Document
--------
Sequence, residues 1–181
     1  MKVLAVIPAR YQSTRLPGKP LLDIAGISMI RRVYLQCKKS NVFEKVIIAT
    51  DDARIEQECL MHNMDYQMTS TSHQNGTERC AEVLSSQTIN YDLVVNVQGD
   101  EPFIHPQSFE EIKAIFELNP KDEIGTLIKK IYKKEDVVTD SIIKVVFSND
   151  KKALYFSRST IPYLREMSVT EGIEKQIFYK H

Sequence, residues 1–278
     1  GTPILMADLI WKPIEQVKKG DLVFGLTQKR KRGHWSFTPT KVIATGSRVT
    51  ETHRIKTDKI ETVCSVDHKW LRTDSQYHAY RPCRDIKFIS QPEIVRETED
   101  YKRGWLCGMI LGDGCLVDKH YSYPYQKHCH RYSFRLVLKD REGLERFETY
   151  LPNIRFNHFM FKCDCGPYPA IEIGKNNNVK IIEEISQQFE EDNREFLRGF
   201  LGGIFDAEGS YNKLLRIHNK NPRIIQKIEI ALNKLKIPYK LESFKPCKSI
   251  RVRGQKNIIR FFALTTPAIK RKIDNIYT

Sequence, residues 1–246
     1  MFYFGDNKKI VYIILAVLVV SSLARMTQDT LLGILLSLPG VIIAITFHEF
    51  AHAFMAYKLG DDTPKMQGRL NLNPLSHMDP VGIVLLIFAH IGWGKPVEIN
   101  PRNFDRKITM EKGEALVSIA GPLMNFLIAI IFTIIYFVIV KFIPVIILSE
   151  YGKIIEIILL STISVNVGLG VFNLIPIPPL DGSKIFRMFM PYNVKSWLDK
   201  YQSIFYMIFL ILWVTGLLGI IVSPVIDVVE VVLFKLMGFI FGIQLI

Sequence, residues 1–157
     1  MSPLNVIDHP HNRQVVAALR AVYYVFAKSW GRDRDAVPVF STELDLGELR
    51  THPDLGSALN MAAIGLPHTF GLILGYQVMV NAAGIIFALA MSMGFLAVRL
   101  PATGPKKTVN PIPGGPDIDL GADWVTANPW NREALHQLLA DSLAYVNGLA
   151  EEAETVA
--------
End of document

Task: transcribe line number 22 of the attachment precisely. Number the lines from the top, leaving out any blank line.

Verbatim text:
   101  PATGPKKTVN PIPGGPDIDL GADWVTANPW NREALHQLLA DSLAYVNGLA